By Lara Pickford-Gordon
A pan project will be implemented during the 2021-2022 academic year at the Bethlehem Boys’ RC and Bethlehem Girls’ RC, and the Nelson Street Boys’ RC and Nelson Street Girls’ RC Primary schools.
It is a collaboration between the Catholic Education Board of Management (CEBM) and the Duke Street- based Trinidad All Stars Steel Orchestra (TASSO).
Sharon Mangroo, Chief Executive Officer of the CEBM said the project was inspired by the experience of the former Principal of Tabaquite RC Primary, Ann Bahadoorsingh.
She used the community involvement in agriculture as a centre of interest for teaching and learning. “Student engagement increased, and their overall performance was enhanced,” Mangroo said.
Former Chairman of the CEBM, Dr Roland Baptiste thought a similar project would benefit the Nelson Street schools. Mangroo said the Lloyd Best pan in school concept was discussed.
Best, an academic and economist wrote ‘The Best Plan for Pan’ February 12, 1995, in the Sunday Express, a series of articles followed. Mangroo said, “We put the ideas together and approached them with the hybrid. They developed it from there”.
TASSO Public Relations Officer Staci-Ann Patrick said, “A primary goal of the project is to build a higher appreciation in our pre- secondary school children for our national instrument from a theoretical and practical aspect. Additionally, the understanding of the history of the steelpan and its predecessors is critical to the development of our culture.”
Dr Mia Gormandy-Benjamin, Assistant Professor – Music, University of Trinidad and Tobago, designed the curriculum and will supervise the tutors.
Patrick said the principals have bought into the programme and their support is “positive and visible”.
The CEBM, TASSO and Dr Gormandy-Benjamin have been “unfailing” in their enthusiasm. Patrick and TASSO Manager Nigel Williams will represent the steel orchestra. Dane Gulston, the band’s Community Relations Manager will lend support as the programme starts to evolve.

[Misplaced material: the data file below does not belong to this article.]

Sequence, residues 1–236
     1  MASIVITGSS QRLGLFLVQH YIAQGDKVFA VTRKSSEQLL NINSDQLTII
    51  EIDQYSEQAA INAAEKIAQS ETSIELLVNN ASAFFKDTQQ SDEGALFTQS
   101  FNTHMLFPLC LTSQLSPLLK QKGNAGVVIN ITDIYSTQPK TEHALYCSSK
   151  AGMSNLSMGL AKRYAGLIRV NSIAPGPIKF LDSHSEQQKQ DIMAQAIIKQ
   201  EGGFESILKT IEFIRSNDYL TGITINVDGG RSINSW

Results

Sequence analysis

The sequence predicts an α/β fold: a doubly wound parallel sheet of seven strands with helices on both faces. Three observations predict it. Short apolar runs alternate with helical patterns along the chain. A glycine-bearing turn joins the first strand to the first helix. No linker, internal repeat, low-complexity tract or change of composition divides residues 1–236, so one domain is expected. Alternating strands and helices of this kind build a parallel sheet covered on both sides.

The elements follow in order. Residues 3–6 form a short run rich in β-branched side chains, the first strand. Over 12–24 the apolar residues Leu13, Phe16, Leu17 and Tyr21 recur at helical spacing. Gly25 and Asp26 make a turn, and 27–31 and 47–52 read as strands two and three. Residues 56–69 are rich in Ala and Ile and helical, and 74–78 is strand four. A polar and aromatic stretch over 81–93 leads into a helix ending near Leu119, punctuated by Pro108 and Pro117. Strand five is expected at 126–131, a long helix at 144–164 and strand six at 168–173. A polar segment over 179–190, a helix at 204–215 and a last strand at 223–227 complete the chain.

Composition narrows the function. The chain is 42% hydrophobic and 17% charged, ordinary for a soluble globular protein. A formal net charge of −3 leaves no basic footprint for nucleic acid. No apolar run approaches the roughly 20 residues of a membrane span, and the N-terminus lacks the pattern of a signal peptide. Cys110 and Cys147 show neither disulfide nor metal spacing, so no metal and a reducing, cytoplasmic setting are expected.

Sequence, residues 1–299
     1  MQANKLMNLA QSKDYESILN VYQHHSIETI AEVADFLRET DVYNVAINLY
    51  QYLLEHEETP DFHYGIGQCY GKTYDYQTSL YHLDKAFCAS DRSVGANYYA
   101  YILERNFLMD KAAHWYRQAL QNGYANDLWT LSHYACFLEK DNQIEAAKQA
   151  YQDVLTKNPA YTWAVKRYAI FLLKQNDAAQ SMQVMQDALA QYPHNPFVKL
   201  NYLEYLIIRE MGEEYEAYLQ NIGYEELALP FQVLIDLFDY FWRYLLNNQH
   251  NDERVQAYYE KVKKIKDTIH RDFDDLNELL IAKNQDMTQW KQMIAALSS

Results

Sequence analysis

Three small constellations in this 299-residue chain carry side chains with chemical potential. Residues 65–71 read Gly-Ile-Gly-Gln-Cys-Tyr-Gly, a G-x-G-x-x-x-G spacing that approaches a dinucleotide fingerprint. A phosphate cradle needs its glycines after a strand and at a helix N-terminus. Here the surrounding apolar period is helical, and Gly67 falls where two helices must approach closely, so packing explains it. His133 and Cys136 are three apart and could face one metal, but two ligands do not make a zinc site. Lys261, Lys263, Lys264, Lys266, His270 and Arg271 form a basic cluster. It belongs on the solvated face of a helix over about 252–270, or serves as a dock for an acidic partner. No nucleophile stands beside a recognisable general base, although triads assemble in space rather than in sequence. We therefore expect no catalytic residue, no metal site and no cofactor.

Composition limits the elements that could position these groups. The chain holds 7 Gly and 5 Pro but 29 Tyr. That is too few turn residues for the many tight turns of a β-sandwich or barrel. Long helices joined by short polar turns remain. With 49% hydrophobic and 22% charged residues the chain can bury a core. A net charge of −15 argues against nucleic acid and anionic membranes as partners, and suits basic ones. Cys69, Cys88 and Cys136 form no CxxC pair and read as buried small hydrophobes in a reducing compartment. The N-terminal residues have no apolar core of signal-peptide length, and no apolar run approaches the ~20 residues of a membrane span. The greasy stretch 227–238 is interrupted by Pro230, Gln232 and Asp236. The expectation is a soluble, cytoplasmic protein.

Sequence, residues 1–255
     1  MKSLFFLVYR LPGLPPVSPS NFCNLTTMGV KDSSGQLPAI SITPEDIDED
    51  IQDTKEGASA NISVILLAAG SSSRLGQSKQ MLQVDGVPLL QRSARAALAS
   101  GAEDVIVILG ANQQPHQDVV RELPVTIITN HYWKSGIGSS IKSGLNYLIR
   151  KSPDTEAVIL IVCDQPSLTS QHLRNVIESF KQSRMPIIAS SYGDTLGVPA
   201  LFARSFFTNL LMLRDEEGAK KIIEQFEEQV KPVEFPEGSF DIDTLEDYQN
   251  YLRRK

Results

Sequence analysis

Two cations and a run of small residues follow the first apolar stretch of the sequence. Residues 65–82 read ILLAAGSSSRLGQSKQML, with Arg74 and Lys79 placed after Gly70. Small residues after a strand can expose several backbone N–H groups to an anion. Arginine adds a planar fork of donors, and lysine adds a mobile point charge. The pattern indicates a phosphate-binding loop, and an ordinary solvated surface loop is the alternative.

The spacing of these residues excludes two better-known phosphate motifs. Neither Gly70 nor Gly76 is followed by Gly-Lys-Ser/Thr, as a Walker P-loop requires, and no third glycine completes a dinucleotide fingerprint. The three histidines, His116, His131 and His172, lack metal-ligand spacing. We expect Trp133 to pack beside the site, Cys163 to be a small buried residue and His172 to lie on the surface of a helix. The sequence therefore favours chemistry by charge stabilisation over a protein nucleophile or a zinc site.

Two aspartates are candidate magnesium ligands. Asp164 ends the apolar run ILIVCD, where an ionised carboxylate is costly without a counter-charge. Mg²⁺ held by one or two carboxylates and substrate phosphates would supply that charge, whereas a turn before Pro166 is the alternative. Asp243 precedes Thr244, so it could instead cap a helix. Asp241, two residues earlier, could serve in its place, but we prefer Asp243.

“For the initial semester we will have the instruments and other physical resources. However, going forward we will need additional instruments, pan sticks and other percussive instruments. As the instruments are used more frequently, we will also need the skills of a tuner” Patrick said.
The programme is projected to begin in the fifth week of the start of the first term, in September 2021 and will be tied into the academic year which has three terms. There are logistics to be worked out as face-to-face would be necessary.
Patrick said to deliver the programme fully online would be challenging. “It will not at all be easy for children, especially children who are now learning to get the touch and feel aspect of it, and instruments won’t be available to them. They can do the theory part, they can certainly start learning how to read music, the history.”
Patrick said pan is often referred to as a “side” activity or a way to get children, particularly in impoverished communities, to stay away from crime. She added, “steelpan and the evolution of pan is critical to understanding the history of Trinidad and Tobago”.
Principal of Bethlehem Girls’ RC, Ann Marie Pierre said, “I am happy the East Port of Spain is getting that opportunity to participate in a pan programme so I can see it helping with discipline and with the VAPA (Visual and Performing Arts) programme that the Ministry introduced, and academically.” The school has a pan instructor and placed fifth in the 2020 Junior Panorama finals with Bethlehem Boys’ RC.
Pierre saw first-hand the positive impact of pan with her daughter Arielle, who did dance, piano, and pan at primary school. It helped with discipline and studies, especially in Mathematics, “because you have to count the beats and different things”. Arielle took the pan to Ireland where she studied Medicine after earning an open scholarship.
Pierre saw the programme as “a stepping stone for greater things” for her students.